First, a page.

China flashed more warning signals yesterday as industrial output growth unexpectedly slowed to a 17-year low, underlining a need for more economic stimulus.
Stocks came under pressure after official data drew the world’s second largest economy sharply into focus, triggering a flight to safety that pushed gold prices to a 14-month high.
The latest industrial output figures from China fell short of expectations, with growth dropping to 5 per cent in the year to last month, down from 5.4 per cent in April. Analysts had forecast a modest recovery for May, with a growth estimate of about 5.5 per cent.
The data, the weakest factory output reading since early 2002, taken alongside receding levels of investments, reinforced apprehension about signs of weakening demand in China. The Chinese government, which is locked in an increasingly acrimonious trade war with the United States, has been taking steps to shore up its decelerating economy and is considering further measures.
“Any time you have weak economic news coming out of China, it highlights the fact that the trade tensions are having a negative impact on the global economy,” Robert Pavlik, of Slate Stone Wealth, an investment manager, said. “The dollar is strengthening. It’s seen as a safe haven. Treasury yields are moving lower. This is all indicative of concerns that the global economy is slowing.”
Wall Street indices were in the red yesterday, with the Dow Jones industrial average down by 0.1 per cent, the S&P 500 fell 0.2 per cent and the technology-focused Nasdaq was off 0.5 per cent at the close in New York.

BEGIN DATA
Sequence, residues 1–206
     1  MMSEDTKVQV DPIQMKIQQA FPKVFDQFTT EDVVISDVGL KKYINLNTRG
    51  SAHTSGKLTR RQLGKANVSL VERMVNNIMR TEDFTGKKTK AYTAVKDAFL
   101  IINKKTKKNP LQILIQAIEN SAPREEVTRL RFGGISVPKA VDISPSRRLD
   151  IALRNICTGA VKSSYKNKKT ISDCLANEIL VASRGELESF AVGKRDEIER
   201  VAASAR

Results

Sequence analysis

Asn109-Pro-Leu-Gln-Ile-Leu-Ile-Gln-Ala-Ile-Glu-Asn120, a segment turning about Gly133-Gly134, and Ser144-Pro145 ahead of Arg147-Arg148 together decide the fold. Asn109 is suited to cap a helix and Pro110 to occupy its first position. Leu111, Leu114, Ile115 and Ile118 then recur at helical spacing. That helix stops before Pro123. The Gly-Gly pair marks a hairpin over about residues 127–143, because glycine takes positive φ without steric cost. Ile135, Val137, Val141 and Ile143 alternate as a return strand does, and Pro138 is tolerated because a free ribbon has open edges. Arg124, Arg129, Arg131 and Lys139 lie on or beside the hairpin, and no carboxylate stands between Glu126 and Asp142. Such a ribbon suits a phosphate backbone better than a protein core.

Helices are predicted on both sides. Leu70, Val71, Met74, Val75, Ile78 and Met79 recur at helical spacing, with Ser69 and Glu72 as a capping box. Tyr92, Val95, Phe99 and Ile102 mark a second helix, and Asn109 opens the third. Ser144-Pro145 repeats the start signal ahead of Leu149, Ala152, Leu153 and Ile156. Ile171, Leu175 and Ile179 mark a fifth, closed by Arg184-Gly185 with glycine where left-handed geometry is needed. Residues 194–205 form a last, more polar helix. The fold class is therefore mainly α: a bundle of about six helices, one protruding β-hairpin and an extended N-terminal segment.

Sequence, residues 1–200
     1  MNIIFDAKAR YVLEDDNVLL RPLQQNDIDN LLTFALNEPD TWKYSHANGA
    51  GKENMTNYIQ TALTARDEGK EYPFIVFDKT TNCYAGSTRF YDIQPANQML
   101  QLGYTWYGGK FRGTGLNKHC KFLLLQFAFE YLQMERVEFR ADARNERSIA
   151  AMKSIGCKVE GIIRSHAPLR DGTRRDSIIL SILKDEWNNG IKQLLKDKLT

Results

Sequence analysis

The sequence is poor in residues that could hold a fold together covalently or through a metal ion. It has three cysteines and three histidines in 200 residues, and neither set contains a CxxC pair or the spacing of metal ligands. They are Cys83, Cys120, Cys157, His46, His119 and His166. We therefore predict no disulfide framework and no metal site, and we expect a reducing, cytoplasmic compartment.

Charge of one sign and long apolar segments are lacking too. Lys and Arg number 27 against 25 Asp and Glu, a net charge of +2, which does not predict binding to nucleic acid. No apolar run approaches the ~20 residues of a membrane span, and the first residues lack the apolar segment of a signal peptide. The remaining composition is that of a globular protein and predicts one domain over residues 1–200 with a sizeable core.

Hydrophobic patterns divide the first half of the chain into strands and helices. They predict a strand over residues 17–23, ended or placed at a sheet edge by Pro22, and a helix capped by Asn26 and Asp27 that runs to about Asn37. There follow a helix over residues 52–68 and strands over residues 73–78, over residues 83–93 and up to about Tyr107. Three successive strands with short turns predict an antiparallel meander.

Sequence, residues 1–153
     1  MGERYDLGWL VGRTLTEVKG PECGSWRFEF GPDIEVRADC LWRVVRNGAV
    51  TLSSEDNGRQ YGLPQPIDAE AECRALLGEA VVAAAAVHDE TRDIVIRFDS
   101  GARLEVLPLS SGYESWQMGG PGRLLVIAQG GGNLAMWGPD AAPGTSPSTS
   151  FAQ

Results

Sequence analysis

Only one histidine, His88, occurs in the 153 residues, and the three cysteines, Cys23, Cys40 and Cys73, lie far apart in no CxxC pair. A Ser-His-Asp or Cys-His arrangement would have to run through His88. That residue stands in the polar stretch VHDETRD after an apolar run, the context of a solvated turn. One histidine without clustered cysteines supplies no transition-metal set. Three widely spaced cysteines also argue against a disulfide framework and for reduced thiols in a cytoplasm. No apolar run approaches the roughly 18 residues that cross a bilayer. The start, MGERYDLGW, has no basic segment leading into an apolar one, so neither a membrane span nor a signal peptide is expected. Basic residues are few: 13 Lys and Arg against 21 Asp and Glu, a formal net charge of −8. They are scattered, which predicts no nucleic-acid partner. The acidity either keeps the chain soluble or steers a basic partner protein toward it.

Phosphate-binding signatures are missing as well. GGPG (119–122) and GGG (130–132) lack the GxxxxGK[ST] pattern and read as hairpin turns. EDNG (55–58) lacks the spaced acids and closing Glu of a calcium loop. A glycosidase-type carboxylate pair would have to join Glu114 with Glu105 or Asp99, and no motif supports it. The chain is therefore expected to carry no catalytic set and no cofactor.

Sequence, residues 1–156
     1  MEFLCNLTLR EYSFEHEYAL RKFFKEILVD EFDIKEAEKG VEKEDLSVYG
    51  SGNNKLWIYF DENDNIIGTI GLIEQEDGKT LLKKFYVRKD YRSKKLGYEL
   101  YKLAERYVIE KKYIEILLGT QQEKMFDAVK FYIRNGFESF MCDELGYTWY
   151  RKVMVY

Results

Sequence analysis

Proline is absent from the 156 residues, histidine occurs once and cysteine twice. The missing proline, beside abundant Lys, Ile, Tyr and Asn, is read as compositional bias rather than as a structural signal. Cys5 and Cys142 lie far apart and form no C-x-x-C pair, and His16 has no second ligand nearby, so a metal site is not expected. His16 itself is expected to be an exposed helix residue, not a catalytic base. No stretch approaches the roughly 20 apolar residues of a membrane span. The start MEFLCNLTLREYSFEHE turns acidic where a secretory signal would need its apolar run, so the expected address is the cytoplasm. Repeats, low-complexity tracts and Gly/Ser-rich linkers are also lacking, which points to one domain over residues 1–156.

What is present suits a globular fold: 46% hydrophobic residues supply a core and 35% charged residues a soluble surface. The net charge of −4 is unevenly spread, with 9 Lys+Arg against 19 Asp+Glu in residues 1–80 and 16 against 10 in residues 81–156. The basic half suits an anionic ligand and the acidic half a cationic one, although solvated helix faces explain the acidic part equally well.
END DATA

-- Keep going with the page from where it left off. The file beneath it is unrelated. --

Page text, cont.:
In London, the FTSE 100 closed down 22.79 points, or 0.31 per cent, at 7,345.78.
Gold prices increased to a high of $1,358.04 per ounce for the first time since last April as investors sought assets that are deemed to be safe havens during times of uncertainty.
Chinese property sales, which last month suffered their biggest decline since October 2017, were among figures that have raised fears over the country’s economic performance. While fixed-asset investment stood at 6.1 per cent in China between January and April, its momentum also appeared to wane last month. Between January and May, it fell to 5.6 per cent.
About 60 per cent of China’s total investment is generated by private sector fixed-asset investment. While this grew by 5.5 per cent between January and April, it rose by 5.3 per cent between January and May.
Growth in property investment slowed from 11.9 per cent to 11.2 per cent over the same period. Infrastructure investment growth slipped from 4.4 per cent to 4 per cent.
The figures were published as China braces for an escalation in its economic dispute with President Trump, who has repeatedly threatened to impose additional tariffs on Chinese exports worth hundreds of billions of dollars. The two nations, which had spent much of this year negotiating a deal to resolve their dispute, are no longer engaged in formal discussions.
Mr Trump expressed optimism yesterday that talks would resume, but insisted that “it doesn’t matter” if President Xi steered clear of the G20 summit in Osaka, Japan, at the end of this month. “We’re going to see,” Mr Trump told Fox News. “Eventually they’re going to make a deal.”
Liu He, the Chinese vice-premier, raised expectations that the country would announce more measures to boost its economic growth by calling this week on its regulators to increase their support.
Yi Gang, governor of the People’s Bank of China, also has claimed that there is “tremendous” room for policy action if the dispute with Mr Trump intensifies.